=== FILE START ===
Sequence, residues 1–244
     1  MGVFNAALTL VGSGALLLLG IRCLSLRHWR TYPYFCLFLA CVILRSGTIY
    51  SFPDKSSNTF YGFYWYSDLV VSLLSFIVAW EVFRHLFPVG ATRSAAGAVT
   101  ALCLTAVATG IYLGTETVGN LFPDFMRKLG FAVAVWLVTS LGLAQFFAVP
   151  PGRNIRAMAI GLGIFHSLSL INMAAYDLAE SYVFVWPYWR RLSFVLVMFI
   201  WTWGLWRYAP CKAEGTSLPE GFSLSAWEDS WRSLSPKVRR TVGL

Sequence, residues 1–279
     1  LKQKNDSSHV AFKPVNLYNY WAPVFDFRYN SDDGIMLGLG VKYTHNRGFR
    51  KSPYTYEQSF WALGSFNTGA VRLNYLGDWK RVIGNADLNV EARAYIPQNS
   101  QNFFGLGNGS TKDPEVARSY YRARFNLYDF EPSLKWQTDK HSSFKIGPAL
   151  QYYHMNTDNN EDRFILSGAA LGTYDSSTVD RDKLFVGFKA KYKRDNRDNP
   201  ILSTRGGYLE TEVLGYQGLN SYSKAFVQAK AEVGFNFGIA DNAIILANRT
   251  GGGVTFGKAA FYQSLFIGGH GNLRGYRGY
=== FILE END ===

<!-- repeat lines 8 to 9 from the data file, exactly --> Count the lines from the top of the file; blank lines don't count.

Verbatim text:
     1  LKQKNDSSHV AFKPVNLYNY WAPVFDFRYN SDDGIMLGLG VKYTHNRGFR
    51  KSPYTYEQSF WALGSFNTGA VRLNYLGDWK RVIGNADLNV EARAYIPQNS